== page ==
Bhandari V, Reddy JK (2014) Blepharitis: always remember demodex. Middle East Afr J Ophthalmol 21:317–320CrossRefGoogle Scholar
  55. 55.
    Forton F, Germaux M-A, Brasseur T et al (2005) Demodicosis and rosacea: epidemiology and significance in daily dermatologic practice. J Am Acad Dermatol 52:74–87CrossRefGoogle Scholar
  56. 56.
    Villani E, Magnani F, Viola F et al (2013) In vivo confocal evaluation of the ocular surface morpho-functional unit in dry eye. Optom Vis Sci 90:576–586CrossRefGoogle Scholar
  57. 57.
    Hoşal BM, Örnek N, Zilelioğlu G, Elhan AH (2005) Morphology of corneal nerves and corneal sensation in dry eye: a preliminary study. Eye 19:1276–1279CrossRefGoogle Scholar
  58. 58.
    Bourcier T, Acosta MC, Borderie V et al (2005) Decreased corneal sensitivity in patients with dry eye. Investig Ophthalmol Vis Sci 46:2341CrossRefGoogle Scholar
  59. 59.
    Lemp MA, Baudouin C, Baum J et al (2007) The definition and classification of dry eye disease: report of the definition and classification subcommittee of the international dry eye work shop (2007). Ocul Surf 55:75–92Google Scholar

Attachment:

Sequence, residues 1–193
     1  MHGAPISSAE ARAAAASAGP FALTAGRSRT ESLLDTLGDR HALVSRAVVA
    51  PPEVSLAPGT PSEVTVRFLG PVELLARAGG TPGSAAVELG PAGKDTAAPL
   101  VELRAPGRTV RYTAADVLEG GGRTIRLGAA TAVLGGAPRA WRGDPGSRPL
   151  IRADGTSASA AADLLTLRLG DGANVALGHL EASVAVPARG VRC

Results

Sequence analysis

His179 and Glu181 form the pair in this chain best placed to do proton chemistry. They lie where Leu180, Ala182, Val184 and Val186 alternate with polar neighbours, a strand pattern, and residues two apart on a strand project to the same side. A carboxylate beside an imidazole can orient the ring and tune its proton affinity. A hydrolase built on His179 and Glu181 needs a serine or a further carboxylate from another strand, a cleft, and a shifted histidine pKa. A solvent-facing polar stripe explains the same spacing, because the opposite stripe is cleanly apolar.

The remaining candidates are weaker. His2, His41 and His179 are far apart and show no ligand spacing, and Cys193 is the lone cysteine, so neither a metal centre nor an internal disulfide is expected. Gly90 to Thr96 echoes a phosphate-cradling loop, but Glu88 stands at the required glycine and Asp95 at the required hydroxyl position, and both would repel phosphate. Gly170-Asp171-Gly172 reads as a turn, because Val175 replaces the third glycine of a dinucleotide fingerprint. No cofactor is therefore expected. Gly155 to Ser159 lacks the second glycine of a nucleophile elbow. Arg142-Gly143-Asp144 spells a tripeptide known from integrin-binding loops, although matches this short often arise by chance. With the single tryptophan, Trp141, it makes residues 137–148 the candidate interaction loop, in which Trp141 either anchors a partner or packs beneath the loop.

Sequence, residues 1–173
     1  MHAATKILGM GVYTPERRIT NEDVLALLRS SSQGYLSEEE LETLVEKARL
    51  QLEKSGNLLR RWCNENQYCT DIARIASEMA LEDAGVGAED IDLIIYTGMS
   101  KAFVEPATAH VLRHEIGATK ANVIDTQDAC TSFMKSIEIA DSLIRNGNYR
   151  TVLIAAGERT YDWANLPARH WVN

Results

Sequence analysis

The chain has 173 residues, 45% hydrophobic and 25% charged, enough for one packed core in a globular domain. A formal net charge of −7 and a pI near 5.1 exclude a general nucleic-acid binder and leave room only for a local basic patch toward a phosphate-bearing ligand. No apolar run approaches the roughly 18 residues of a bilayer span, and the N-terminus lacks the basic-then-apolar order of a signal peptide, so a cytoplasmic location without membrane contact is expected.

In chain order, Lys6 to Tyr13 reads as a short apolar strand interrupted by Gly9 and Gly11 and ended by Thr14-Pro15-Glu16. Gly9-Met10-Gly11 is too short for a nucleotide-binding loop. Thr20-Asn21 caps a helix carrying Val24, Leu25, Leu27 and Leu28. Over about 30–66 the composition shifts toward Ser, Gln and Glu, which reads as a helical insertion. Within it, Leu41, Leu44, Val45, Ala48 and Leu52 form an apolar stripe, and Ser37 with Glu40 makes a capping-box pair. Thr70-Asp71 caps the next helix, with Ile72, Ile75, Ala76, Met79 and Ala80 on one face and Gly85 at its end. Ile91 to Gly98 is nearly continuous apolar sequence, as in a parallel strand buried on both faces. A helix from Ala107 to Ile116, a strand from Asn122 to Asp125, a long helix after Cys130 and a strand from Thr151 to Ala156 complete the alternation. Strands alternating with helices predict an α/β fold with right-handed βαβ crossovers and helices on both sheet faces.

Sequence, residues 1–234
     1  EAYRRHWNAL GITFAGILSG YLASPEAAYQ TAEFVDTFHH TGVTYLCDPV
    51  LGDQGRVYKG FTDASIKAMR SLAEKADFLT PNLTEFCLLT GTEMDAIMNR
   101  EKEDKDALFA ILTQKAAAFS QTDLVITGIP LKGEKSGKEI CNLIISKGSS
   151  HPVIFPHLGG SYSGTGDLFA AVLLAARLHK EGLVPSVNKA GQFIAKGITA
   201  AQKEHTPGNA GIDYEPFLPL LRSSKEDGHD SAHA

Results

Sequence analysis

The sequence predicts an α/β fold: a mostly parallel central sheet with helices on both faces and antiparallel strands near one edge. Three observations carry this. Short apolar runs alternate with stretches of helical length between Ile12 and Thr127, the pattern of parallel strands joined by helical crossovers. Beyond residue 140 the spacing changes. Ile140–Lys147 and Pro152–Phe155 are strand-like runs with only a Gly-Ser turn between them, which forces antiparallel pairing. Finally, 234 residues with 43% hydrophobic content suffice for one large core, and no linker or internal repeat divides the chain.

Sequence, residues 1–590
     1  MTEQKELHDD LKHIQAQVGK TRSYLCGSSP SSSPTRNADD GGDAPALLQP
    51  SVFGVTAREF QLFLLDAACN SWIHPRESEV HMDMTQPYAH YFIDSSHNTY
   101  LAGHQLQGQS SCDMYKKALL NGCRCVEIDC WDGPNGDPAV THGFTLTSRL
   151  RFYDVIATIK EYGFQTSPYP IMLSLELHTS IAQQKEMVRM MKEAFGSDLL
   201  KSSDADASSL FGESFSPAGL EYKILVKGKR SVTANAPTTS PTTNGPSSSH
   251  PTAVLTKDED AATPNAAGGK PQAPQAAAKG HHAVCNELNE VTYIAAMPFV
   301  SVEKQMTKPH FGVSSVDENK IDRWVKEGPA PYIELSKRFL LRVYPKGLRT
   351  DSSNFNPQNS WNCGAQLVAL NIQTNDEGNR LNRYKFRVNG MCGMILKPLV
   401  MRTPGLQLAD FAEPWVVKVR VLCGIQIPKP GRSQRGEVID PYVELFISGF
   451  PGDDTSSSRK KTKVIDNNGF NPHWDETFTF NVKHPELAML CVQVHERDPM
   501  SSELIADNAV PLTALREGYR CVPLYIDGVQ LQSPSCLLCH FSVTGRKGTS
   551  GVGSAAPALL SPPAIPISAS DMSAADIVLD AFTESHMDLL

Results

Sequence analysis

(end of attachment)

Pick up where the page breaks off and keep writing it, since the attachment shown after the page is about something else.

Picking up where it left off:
60. 60.
    Gao YY, Di Pascuale MA, Elizondo A, Tseng SC (2007) Clinical treatment of ocular demodicosis by lid scrub with tea tree oil. Cornea 26:136–143CrossRefGoogle Scholar
  61. 61.
    Kheirkhah A, Casas V, Li W et al (2007) Corneal manifestations of ocular Demodex infestation. Am J Ophthalmol 143:743–749CrossRefGoogle Scholar
  62. 62.
    Kojima T, Ishida R, Sato EA et al (2011) In vivo evaluation of ocular demodicosis using laser scanning confocal microscopy. Investig Ophthalmol Vis Sci 52:565–569CrossRefGoogle Scholar
  63. 63.
    Georgala S, Katoulis AC, Kylafis GD et al (2001) Increased density of Demodex folliculorum and evidence of delayed hypersensitivity reaction in subjects with papulopustular rosacea. J Eur Acad Dermatol Venereol 15:441–444CrossRefGoogle Scholar

Copyright information

© Springer Science+Business Media B.V., part of Springer Nature 2018

Authors and Affiliations

  1. 1.The National Optometry CentreDublin Institute of TechnologyDublin 8Ireland

Personalised recommendations